|Overstreet, Robin - UNIV. OF SOUTHERN MS|
|Goodwin, Andy - UAPB|
Submitted to: Journal of Fish Diseases
Publication Type: Peer Reviewed Journal
Publication Acceptance Date: December 22, 2008
Publication Date: August 10, 2009
Repository URL: http://handle.nal.usda.gov/10113/55366
Citation: Mitchell, A.J., Overstreet, R., Goodwin, A. 2009. Eustrongylides ignotus infecting commercial bass (Morone chrysops female X Morone saxatilis male) and other fishes in the southeastern USA. Journal of Fish Diseases. 32:795-799. Interpretive Summary: This report provides the first documented infections of the nematode parasite, Eustongylides ignotus, causing mortality in a commercially produced fish; sunshine bass, a hybrid cross between a female white bass and male striped bass. The life cycle and pathological effects of the nematode on the sunshine bass are described. Sunshine bass are sold as both a food and recreational fish at a value of more than $20 M USD, annually. Also given are reports of mortality associated with the same nematode in striped bass, an important commercial and sport fish, and the findings of this nematode in the fathead minnow, a commercial baitfish, and the fountain darter, a federally-listed endangered species in the USA.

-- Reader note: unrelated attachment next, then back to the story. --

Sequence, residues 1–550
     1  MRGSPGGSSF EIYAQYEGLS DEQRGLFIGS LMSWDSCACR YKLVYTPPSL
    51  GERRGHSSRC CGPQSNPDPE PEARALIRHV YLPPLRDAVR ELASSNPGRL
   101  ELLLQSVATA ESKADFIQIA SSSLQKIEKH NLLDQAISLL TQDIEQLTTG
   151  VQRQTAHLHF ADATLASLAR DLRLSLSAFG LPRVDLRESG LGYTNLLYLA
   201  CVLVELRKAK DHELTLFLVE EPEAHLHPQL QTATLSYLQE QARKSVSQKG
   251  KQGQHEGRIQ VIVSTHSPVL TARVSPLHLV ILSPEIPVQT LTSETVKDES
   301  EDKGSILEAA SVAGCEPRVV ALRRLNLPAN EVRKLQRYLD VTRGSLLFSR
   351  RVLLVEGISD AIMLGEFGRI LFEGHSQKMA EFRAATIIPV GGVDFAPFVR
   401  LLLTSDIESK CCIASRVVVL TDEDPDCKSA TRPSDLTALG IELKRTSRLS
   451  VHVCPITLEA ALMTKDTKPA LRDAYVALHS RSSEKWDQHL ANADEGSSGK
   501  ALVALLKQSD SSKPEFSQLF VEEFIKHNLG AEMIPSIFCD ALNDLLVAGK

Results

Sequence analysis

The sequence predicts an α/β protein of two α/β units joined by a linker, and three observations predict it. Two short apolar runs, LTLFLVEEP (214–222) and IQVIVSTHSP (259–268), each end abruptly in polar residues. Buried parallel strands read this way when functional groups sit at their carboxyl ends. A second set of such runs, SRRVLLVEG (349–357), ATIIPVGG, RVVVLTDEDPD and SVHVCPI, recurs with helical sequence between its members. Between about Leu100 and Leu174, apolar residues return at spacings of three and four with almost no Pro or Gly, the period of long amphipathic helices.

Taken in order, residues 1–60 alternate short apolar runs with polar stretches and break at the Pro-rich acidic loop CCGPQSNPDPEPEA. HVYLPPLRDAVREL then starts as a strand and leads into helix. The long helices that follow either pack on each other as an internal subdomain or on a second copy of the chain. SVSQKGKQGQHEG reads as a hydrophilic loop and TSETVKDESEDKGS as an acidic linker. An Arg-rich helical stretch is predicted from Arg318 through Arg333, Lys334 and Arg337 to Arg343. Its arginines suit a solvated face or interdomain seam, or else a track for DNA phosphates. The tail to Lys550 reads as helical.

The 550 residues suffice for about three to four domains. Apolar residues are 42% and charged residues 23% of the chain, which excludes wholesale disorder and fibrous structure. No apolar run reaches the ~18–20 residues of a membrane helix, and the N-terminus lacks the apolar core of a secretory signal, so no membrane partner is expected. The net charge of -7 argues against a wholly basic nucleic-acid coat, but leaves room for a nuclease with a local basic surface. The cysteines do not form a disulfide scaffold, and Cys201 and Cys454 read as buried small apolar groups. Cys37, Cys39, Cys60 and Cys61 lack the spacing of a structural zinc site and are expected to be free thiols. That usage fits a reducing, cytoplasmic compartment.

Technical Abstract: Eustongylides ignotus are conspicuous as long, red, coiled nematodes located in the body cavity or embedded in the muscle of fish. They have a complex life cycle that involves aquatic birds as definitive hosts, oligochaetes as the first intermediate host, and usually fish as the second intermediate host. Eustongylides ignotus has been reported to cause severe disease and high levels of mortality in aquatic birds but is rarely reported as a problem in fish. This report provides the first documented infections of the nematode parasite (E. ignotus) causing mortality in a commercially produced fish, the sunshine bass (a hybrid cross of female white bass, Morone chrysops, and male striped bass, Morone saxatilis). Sunshine bass are sold as both a food and recreational fish at a value of more than $20 M USD annually. Several thousand 3-cm sunshine bass were observed with a grossly visible swelling, consistent with distension of the body cavity, and several were moribund. Up to four E. ignotus were removed from each infected fish. Eustongylides ignotus produced grossly visible abdominal distention and compressed and displaced organs and were often found wrapped around the intestinal tract. The nematodes were surrounded by an encapsulation composed of granulomatous inflammation, including scattered lymphocytes, and in areas where the capsule was not compressed against the wall of the coelom, it was less fibrous and often incorporated exocrine pancreas, associated ducts, and blood vessels. Also included is a report on a mortality associated with E. ignotus and a harsh environmental condition in striped bass (an important commercial and sport fish) and the findings of E. ignotus in the fathead minnow, Pimephales promelas (a commercial baitfish) and the fountain darter, Etheostoma fontinalis (a federally-listed endangered species in the USA).